PSNI budget: Matt Baggot refuses to budge over cutbacks
Published 17/08/2010 | 17:00
While police officers continue to put their lives at risk dealing with increasing terrorist attacks, Chief Constable Matt Baggott has drawn the line on the level of budget cuts he is prepared to accept from the Justice Department.
Mr Baggott has warned Justice Minister David Ford that the PSNI will not be able to operate effectively if forced to make budget cuts of more than £1m a week over the next four years.
The PSNI’s top team has raised serious concerns about the impact that proposed cuts of up to 8% will have on the service, as well as on the safety of the public and police officers, particularly at a time of heightened dissident republican activity.
The Belfast Telegraph has learned that in a confidential document to the Justice Department Mr Baggott said that the PSNI must not be forced to operate with any less than it's current quota of 7,500 officers.
A police source said that if the PSNI was forced to make 8% cuts, the strength of the PSNI would have to be slashed by more than 1000 officers through redundancies and a lengthy recruitment freeze.
Mr Baggott’s response to the proposed cuts makes it clear to Mr Ford that this simply cannot happen.
Last month, the PSNI was asked by the Department of Justice to calculate the potential impact of a 5% and 8% cut to its running costs. If the cuts were to be imposed on the four year budget, the PSNI would lose between £147m and £224m — potentially more than £1m a week.
The PSNI scenario report to the Justice Department states: “It remains the professional opinion of the Chief Constable and senior command team that the PSNI requires sufficient funding for the equivalent of 7,500 regular officers and 2701 police support staff, as agreed in 2009.”
The report adds that 5% and 8% cuts would exacerbate the critical problems, increase the risk to the right to life, reduce the PSNI's presence, reduce neighbourhood policing numbers and leave the PSNI unable to sustain the level of public order policing needed over the Twelfth.
The Chief Constable is understood to have drawn the line at cuts of 2.5%. Even these cuts will be challenging for the service to manage and will likely mean |having to put on hold the refurbishment of the Landrover fleet and the purchase of new equipment and also throw into doubt the PSNI’s role in historical enquiries and inquests.
DUP Policing Board member Jimmy Spratt said that the PSNI budget needs to be ringfenced.
“An 8% cut is unthinkable, 5% is not do-able and 2.5% is do-able with a hell of a lot of pain and making things almost impossible for senior command,” he said.
“These savings must be made from other justice departments. I think the Chief Constable has made a clear, unambiguous statement to the Justice Department that 5% or 8% cuts cannot be met.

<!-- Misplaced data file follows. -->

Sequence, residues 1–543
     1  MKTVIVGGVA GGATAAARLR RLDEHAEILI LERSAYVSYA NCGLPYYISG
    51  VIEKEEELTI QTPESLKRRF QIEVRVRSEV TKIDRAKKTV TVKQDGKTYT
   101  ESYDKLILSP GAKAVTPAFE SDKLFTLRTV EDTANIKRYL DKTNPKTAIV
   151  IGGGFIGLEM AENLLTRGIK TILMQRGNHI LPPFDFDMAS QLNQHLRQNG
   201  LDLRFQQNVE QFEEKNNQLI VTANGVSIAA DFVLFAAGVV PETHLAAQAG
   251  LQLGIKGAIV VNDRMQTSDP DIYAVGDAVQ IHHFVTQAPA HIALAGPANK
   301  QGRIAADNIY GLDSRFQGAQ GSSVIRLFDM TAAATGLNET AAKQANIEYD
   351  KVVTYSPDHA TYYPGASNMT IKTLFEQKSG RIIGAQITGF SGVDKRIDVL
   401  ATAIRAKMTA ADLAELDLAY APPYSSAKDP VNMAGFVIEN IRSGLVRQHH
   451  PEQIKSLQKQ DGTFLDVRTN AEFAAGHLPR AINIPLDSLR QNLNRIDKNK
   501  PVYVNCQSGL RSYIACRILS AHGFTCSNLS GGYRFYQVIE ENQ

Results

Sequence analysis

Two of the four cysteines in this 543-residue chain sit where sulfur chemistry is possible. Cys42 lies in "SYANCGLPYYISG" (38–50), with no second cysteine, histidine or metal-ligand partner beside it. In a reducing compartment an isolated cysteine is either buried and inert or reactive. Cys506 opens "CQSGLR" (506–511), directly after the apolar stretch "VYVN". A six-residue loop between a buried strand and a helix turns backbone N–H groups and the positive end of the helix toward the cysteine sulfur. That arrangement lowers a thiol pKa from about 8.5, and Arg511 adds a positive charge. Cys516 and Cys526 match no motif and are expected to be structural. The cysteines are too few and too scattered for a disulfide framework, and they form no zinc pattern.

“For the safety of the people of Northern Ireland and the UK, it would be unthinkable for the PSNI to have to make these sort of cuts.”
UUP Policing Board member Basil McCrea added: “The PSNI cannot under any circumstances meet the 5% or 8% scenarios.
“You have to question if this is the right time to be cutting |the budget given the dissident threat.
The Policing Board said that the board and the PSNI will |continue to engage with the Department of Justice so that forthcoming policing budgets can be agreed and secured.
“It is the view of the Board that the PSNI should be provided with sufficient funds so that they can deliver effective and efficient policing throughout Northern Ireland,” she said.
Where will the axe fall?
It is likely to be one of the toughest decisions David Ford will have to make as Justice Minister — where to wield his budget-cutting axe during this time of financial crisis.
The potential 5% and 8% cuts that all of the justice bodies have been asked by the department to consider have probably caused many sleepless nights for department heads who will be fighting to keep their budget pain to a minimum.
But such severe cuts would be potentially crippling for the PSNI, which is already operating in a very tight and challenging financial environment. Public safety must come first and at a time when it is clear that terrorists are intent on bringing death and destruction to the streets of Northern Ireland it would surely be nothing short of disastrous to enforce heavy monetary constraints.
The Chief Constable cannot be expected to cut crime, tackle the dissident threat and make the streets safer on reduced funds. It is therefore likely that Mr Ford will be looking at all the other justice bodies first to make up the savings.
The Court Service is just one of the bodies where massive cuts could be made following years of high legal aid payouts.